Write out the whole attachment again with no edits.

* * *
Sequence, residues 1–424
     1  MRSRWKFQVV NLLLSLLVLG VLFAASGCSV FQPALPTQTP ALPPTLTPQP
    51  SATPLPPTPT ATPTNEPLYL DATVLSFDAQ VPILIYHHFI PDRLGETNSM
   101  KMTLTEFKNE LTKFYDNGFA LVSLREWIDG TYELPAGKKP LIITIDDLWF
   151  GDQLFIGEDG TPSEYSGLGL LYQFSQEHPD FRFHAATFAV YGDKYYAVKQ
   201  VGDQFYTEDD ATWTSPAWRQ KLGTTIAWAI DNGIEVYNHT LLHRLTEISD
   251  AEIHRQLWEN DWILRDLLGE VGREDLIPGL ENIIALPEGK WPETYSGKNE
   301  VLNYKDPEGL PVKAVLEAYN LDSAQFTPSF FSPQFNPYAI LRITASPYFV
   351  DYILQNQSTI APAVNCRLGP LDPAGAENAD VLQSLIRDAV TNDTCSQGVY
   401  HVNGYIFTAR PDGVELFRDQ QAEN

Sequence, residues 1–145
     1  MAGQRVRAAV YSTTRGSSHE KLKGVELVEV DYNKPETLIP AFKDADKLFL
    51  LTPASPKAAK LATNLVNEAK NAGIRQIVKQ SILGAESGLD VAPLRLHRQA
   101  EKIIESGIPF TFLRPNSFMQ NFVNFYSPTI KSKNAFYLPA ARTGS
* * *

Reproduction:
Sequence, residues 1–424
     1  MRSRWKFQVV NLLLSLLVLG VLFAASGCSV FQPALPTQTP ALPPTLTPQP
    51  SATPLPPTPT ATPTNEPLYL DATVLSFDAQ VPILIYHHFI PDRLGETNSM
   101  KMTLTEFKNE LTKFYDNGFA LVSLREWIDG TYELPAGKKP LIITIDDLWF
   151  GDQLFIGEDG TPSEYSGLGL LYQFSQEHPD FRFHAATFAV YGDKYYAVKQ
   201  VGDQFYTEDD ATWTSPAWRQ KLGTTIAWAI DNGIEVYNHT LLHRLTEISD
   251  AEIHRQLWEN DWILRDLLGE VGREDLIPGL ENIIALPEGK WPETYSGKNE
   301  VLNYKDPEGL PVKAVLEAYN LDSAQFTPSF FSPQFNPYAI LRITASPYFV
   351  DYILQNQSTI APAVNCRLGP LDPAGAENAD VLQSLIRDAV TNDTCSQGVY
   401  HVNGYIFTAR PDGVELFRDQ QAEN

Sequence, residues 1–145
     1  MAGQRVRAAV YSTTRGSSHE KLKGVELVEV DYNKPETLIP AFKDADKLFL
    51  LTPASPKAAK LATNLVNEAK NAGIRQIVKQ SILGAESGLD VAPLRLHRQA
   101  EKIIESGIPF TFLRPNSFMQ NFVNFYSPTI KSKNAFYLPA ARTGS